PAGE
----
Collective memory can be described as a memory or memories shared or recollected by a group, as a community or culture and any collection of memories passed from one generation to the next . The “collective memory”' in our media age has exponentially increased thanks to the production of film, television and photography, which offer visual material to fill up the timeline of our memories. Now, questions like “What were you doing when the twin towers were attacked?” or “the day Diana died?” have iconic visual references which were documented and broadcast all over the world to become part of our collective society album.
Photographer Pavel Maria Smejkal examines these photographs of historical events "using images that have become our cultural heritage, constitute the memory of nations, serve as symbols or tools of propaganda, and exemplify a specific approach to photography as a document of the historical moment". In his project Fatescapes, Smejkal removes human bodies from iconic documentary photographs, very often the witnesses of conflicts, and questions the purpose and function of the medium. “Aware that their authenticity is not unquestionable, I return to these key images after they have been reinterpreted numerous times from various perspectives, and by manipulating their content, I explore their purpose, function, and future” reflects the photographer. Evoking a universal photographic legacy, Smejkal shakes the status quo of traditional photojournalism by highlighting the weakness of our retentive powers.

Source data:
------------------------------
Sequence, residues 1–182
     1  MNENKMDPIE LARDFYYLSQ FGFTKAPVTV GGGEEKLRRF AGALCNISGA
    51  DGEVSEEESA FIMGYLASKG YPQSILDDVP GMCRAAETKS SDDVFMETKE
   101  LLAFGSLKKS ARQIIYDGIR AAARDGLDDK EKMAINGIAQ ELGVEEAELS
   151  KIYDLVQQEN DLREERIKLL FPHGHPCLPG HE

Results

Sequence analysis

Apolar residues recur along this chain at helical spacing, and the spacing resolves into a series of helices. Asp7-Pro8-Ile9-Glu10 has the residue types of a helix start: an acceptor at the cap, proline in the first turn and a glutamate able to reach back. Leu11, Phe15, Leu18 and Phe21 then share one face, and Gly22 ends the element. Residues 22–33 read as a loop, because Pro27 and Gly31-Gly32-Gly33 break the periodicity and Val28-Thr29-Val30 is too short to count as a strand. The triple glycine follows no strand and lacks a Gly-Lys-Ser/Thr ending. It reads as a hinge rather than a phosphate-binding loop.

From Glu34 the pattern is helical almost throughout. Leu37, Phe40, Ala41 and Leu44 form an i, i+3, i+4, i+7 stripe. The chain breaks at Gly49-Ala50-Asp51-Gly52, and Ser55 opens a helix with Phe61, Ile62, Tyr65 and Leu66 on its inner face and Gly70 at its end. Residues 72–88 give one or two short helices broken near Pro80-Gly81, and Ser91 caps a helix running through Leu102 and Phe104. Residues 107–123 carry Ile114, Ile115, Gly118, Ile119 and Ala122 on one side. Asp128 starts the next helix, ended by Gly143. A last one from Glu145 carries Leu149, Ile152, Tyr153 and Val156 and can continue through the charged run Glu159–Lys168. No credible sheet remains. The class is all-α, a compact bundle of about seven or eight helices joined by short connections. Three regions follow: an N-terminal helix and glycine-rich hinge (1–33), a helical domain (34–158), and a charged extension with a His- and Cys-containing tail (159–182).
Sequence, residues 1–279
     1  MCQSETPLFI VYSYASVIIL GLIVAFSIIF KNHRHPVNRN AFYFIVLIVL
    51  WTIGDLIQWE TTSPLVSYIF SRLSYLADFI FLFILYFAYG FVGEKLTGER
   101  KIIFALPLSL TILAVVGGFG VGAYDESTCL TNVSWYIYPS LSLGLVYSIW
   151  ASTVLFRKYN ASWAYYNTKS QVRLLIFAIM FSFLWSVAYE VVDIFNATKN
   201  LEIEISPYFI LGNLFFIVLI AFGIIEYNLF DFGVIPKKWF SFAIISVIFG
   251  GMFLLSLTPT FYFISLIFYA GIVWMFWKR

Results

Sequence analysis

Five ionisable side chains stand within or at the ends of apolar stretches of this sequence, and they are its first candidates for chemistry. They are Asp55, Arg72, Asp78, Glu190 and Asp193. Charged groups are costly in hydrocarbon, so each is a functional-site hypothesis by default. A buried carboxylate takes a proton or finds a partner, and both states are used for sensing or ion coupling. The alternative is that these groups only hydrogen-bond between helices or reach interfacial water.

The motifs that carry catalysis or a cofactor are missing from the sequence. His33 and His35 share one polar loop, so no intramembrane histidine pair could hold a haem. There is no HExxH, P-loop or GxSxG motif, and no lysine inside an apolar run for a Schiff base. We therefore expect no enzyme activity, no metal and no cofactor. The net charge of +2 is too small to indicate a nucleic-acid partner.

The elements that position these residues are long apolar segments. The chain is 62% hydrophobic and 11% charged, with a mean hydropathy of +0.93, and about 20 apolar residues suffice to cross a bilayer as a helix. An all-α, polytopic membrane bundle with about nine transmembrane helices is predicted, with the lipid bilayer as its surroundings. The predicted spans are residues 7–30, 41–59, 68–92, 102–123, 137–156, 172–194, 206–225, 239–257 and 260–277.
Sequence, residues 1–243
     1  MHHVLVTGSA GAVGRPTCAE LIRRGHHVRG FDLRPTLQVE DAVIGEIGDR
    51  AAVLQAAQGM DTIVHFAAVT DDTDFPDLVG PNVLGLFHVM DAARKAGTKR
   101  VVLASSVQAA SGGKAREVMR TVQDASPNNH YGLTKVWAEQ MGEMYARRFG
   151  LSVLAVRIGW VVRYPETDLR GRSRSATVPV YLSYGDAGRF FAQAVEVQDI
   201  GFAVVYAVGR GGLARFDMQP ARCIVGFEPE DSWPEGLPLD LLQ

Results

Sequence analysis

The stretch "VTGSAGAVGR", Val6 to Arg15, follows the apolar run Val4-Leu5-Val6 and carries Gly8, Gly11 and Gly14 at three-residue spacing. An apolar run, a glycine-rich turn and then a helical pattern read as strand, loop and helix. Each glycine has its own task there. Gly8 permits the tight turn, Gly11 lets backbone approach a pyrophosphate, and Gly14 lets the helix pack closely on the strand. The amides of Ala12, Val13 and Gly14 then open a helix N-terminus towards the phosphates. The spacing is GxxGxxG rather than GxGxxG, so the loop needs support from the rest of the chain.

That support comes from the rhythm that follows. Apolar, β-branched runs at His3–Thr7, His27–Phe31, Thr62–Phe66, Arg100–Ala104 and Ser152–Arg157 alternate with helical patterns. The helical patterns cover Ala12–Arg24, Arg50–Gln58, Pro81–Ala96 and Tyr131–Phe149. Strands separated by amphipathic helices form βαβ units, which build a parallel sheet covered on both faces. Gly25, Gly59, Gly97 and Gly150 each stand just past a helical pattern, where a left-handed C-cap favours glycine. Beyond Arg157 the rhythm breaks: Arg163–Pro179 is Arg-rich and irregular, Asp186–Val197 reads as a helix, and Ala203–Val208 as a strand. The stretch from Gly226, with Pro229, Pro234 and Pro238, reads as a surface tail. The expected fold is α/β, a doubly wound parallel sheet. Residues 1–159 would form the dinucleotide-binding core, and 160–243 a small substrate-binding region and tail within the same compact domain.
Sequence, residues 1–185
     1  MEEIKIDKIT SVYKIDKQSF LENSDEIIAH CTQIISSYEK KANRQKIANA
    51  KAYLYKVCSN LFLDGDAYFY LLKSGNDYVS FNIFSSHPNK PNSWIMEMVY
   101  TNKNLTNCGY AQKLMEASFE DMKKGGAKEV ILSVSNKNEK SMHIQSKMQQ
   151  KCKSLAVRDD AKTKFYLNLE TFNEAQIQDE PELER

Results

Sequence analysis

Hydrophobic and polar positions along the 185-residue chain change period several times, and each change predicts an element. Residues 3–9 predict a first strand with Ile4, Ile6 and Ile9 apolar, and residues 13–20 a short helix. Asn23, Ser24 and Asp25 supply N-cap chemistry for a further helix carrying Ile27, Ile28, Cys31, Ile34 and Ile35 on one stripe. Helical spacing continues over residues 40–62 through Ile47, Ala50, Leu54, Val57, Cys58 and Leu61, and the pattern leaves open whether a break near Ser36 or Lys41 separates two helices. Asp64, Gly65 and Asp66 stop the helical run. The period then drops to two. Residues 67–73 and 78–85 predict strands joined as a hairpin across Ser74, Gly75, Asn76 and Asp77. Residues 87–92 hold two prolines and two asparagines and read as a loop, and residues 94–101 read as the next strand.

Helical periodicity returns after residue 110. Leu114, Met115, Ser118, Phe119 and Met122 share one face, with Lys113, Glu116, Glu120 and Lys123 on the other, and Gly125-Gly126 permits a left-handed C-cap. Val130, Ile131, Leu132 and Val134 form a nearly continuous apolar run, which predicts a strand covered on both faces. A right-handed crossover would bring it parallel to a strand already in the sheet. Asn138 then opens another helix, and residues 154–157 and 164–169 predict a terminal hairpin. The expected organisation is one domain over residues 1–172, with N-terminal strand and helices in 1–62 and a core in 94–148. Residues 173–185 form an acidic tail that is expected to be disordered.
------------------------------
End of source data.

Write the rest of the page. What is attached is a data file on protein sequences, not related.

Pavel Maria Smejkal, DM, MA, born in 1957 in Ostrava, Czech Republic. Graduated his studies at the Veterinary University, Kosice, in 1983 and the Institute of Creative Photography at Silesian University in Opava, Czech Republic, 2009 (MA). Works as freelance photographer, curator, lecturer. A chairman of non-profit organization PhotoART Centrum in Kosice, Slovakia. An author of Second Cities documentary project, http://www.2ndcities.net.